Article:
As much as I would like to keep playing quake for the next years, we have to admit that our beloved game is unique for its genre (so we most likely won't find any other FPS game that will satisfy our expectations) and that we are on a sinking ship lead by id software.
Q3 vs QL
The main difference between q3 and ql is that the first was lead by the community, the latter by a business company.
While the first quickly adapted over the years to match the players needs (with mods, maps, enhancements), id has a business model to follow and can't keep pace with the demands.
The goal of ql was quite ambitious: reunite a fragmented playerbase into a single, straightforward community playing with the same rules all over the world.
But its implementation was hampered by a serious amount of pitfalls in the architecture design.
id's lack of experience on a web project was almost crystal clear since the beginning of the project.
Besides the performance scaling issues, which is also a pain in the ass for much bigger web focused companies, the biggest mistake was to develop a closed system which doesn't allow the community to help develop the growth of the game.
Buying a server and then giving the remote access to id for free it's just terribly wrong.
Just imagine a quakelive website page where the server admins can fill a form with server informations (ip, location, servername, tcp ports range, etc.), then an AUTH key is generated by the system and the server admin just have to copy it in the server, download the paks (as the clients do) and the servers just spawn automatically in the website with the new location. id has still the power to disable servers just by removing the key and rolling out the updates could be much easier. If the server is not updated yet (version mismatch), the servers are just not visible on the website until the new paks are downloaded through an "update server" page (or can be done automatically).
This could have allowed a much more granular distribution of servers over the world allowing tons of players to play with a decent ping.
What made q3 a successful e-sport game was the ability to create lan parties anywhere, anytime, anyskill. The first time i read about a ql lan needing a dedicated id server + an id employee onsite I was quite shocked tbh.
How is this even possible? How can the ql project manager even consider a solution like this?
It pretty much ruined any lan party organization allowing only 2-3 lans per year.
id has always said that it's hard to publish community created content mostly due to copyright issues since they're distributing them. Even if it's probably true, new maps are the fuel for a competitive game, so it was just foolish by id to underestimate the problem and not finding a solution in the first stages of the project.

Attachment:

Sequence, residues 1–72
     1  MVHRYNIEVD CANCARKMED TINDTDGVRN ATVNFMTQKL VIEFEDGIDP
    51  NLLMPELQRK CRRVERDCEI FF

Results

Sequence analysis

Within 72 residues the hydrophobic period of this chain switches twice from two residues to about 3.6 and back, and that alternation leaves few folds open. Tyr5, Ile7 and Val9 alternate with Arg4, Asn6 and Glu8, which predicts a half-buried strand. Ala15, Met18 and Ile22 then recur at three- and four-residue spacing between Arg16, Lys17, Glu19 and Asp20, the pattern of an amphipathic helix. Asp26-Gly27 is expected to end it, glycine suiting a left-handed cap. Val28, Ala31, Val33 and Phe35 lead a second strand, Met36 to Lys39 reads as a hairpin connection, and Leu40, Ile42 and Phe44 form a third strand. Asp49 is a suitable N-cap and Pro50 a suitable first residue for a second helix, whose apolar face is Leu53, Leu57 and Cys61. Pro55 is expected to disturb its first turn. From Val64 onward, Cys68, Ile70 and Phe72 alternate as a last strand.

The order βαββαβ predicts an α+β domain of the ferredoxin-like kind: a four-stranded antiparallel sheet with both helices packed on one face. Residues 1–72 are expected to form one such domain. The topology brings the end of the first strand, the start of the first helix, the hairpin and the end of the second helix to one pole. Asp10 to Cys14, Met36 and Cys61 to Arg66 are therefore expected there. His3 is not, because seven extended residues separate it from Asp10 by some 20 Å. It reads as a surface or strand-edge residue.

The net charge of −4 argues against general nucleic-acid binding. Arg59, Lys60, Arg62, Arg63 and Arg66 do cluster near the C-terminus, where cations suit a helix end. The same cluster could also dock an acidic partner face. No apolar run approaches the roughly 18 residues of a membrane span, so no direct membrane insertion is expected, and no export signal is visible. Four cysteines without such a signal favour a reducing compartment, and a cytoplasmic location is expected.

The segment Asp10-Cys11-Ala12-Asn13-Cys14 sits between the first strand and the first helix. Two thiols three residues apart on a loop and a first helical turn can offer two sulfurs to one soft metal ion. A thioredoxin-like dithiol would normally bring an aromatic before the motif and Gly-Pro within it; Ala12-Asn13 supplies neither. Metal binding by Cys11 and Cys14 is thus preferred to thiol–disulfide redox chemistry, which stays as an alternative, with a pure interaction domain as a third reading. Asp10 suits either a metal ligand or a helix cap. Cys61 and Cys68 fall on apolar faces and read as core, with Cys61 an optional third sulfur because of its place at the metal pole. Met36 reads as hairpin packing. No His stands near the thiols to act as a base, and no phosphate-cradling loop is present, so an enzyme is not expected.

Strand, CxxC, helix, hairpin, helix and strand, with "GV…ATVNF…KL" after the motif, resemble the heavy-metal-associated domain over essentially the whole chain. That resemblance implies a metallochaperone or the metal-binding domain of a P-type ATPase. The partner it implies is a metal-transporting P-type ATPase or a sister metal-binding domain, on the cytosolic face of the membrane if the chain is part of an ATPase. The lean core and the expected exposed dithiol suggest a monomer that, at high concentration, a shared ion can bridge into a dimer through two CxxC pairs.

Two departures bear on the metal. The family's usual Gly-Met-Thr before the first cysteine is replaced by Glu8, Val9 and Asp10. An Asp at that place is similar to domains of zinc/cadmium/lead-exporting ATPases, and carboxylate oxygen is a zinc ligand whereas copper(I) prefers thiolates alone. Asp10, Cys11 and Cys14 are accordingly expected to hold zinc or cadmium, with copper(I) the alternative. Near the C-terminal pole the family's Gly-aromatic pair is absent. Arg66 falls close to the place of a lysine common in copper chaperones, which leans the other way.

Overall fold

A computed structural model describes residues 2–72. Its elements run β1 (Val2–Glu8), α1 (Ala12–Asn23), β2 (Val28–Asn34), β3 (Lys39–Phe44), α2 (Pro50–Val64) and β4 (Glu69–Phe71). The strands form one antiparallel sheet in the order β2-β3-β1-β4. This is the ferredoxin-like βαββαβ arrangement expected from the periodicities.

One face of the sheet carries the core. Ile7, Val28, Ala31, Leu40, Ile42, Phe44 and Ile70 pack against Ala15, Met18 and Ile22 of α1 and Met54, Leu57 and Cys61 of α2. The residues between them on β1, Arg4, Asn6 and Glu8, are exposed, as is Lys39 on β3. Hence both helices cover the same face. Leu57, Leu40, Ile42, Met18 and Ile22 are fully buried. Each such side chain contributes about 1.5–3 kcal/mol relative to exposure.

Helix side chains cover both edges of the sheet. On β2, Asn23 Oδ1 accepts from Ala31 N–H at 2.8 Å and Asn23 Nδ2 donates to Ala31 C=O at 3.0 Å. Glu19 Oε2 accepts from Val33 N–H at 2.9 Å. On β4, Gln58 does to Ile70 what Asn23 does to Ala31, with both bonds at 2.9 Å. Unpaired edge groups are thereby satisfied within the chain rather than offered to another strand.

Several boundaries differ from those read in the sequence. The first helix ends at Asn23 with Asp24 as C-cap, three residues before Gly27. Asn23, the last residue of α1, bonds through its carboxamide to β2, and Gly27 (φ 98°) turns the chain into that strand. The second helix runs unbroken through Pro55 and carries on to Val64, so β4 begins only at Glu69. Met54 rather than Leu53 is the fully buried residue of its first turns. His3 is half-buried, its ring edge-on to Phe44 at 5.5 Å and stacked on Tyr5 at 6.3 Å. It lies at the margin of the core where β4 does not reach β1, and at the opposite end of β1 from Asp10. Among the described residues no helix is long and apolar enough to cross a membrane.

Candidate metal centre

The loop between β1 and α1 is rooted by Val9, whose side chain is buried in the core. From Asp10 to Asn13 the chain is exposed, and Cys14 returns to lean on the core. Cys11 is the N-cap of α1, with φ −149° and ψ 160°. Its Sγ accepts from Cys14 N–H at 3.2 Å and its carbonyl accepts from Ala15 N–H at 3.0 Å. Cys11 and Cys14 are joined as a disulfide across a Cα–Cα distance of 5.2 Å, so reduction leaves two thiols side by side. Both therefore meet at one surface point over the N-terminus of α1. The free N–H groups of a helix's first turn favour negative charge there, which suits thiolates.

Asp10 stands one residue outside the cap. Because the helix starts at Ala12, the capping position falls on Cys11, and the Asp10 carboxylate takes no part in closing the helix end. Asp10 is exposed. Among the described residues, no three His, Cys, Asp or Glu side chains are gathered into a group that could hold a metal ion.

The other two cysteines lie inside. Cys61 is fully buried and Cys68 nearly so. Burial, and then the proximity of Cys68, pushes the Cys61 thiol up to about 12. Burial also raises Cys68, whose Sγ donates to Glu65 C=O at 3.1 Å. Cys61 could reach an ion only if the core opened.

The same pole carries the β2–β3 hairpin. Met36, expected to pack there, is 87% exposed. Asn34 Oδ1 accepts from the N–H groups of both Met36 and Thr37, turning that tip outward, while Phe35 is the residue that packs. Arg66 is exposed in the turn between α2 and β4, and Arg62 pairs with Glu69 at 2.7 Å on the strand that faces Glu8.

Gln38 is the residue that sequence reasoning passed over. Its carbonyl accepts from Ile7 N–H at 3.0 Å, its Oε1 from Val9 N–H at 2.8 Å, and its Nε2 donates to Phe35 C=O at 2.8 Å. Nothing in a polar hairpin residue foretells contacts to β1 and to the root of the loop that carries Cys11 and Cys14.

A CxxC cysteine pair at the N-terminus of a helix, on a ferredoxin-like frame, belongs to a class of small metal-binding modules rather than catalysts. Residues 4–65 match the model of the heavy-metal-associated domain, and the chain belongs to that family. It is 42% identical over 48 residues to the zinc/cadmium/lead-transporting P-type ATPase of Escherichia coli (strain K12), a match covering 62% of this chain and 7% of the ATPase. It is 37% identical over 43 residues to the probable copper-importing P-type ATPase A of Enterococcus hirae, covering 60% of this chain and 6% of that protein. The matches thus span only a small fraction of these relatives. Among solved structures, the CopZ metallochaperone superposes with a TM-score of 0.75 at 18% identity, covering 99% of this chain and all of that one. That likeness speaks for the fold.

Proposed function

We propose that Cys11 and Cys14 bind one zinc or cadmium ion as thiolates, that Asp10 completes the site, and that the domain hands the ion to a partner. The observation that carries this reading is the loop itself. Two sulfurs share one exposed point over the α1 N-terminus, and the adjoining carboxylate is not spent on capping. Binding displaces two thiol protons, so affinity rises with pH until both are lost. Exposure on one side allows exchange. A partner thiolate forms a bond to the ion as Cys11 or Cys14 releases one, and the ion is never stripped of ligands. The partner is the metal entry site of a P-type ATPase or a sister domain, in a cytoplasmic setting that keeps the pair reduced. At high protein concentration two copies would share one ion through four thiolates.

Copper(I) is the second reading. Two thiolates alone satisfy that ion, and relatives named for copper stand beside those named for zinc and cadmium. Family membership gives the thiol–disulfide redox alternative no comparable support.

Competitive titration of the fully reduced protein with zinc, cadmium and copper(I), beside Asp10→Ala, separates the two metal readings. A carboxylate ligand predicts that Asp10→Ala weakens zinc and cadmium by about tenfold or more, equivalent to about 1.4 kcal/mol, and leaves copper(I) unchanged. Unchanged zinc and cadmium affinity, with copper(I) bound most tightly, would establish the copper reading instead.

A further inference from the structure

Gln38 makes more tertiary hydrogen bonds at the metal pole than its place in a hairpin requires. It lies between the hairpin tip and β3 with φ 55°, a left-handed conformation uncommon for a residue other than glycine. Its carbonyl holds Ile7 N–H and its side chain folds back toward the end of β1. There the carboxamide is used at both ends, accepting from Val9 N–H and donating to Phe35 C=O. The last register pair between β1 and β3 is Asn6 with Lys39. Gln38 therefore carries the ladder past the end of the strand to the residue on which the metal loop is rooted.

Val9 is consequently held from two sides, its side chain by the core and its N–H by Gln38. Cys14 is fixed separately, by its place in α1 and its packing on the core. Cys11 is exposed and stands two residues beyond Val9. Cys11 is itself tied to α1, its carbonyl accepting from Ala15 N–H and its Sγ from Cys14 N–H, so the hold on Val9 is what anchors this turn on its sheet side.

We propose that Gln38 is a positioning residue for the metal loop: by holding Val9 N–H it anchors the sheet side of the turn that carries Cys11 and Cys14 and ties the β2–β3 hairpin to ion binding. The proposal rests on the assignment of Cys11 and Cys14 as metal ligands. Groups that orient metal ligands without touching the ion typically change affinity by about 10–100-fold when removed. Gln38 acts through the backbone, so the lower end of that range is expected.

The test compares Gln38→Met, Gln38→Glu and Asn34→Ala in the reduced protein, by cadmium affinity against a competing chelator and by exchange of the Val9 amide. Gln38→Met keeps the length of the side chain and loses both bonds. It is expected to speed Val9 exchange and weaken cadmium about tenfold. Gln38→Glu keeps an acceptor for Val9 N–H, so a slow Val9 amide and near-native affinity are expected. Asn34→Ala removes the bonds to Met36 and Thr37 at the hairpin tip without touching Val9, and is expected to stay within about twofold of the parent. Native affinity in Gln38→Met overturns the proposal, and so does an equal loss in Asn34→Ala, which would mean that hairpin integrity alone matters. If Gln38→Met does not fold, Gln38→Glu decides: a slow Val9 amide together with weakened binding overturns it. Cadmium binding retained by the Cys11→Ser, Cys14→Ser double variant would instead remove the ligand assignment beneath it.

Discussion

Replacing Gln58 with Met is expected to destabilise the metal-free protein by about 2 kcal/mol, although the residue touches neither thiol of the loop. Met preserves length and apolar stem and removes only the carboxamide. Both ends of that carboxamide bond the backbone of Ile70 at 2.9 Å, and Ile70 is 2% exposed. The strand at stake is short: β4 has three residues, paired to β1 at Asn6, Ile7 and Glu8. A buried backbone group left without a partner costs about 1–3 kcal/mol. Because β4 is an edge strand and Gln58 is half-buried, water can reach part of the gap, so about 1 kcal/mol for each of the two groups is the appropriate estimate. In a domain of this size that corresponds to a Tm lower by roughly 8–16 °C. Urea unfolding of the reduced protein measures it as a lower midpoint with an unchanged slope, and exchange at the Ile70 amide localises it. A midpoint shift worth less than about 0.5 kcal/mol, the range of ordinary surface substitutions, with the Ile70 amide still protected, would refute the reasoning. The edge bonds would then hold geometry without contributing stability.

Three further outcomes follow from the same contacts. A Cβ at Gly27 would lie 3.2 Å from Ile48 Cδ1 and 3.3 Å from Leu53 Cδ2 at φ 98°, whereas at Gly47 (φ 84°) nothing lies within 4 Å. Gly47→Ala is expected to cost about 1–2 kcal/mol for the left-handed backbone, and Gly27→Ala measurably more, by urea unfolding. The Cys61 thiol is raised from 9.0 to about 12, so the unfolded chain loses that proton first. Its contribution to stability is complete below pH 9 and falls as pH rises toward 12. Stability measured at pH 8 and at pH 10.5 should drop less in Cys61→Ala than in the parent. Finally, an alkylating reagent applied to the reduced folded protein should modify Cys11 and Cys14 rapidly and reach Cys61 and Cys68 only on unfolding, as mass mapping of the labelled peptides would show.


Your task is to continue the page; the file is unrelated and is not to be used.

Over the years i've read many brilliant and inspiring ideas from the community. Almost none of them was taken into consideration by id. The interaction with the community was/is really poor and the lack of id human resources on this project have drammatically affected the game development. It's quite funny to read what I wrote 3 years ago here and see that almost nothing has changed.
Play it in the browser
Wait, what? Quake in the browser? Sounds cool! That's probably the first thought of most of the players. What they didn't see it coming was the amount of problems it will lead to. Tons of people with PB issues, fps drops and stuttering. id could also developed a client executable (still authenticating through the website) and allow the player to decide if playing in the browser or from the application.
Play it for FREE!
It all started good, all maps and mode available for everybody. Then id realized its business model based on ads didn't work at all. So they introduced premium/pro accounts to gain some money. And that was the beginning of the end. After so much effort on building a single community they pretty much ruined it all. The community started splitting again, with casual gamers playing only on publics and hardcore players playing (pickups, duels, etc) on premium / private servers. The consequence was the shrinking of an already tiny community.
The quakelive.com website
The only brand new feature of the game. A place where players can browse in depth statistics, trends and ladders, comment matches, upload demos, download their favourite player config and create tournaments on the fly. OH WAIT, none of that is possible. As result the website is totally useless.
Another good idea/feature which was shattered by its worthless implementation. (props to the QLRanks team who teached how to do it right for duel. TDM and CA rankings are still rusty though.)
What's the future is holding for us?
Quake 5 won't probably see the light anytime soon (or ever) and Shootmania is bringing some fresh air in a running-down gaming branch. It probably won't ever replace quake as we know it, but it'll be worth a try.
Edited by Memento_Mori at 14:29 BST, 7 June 2012 - 10268 Hits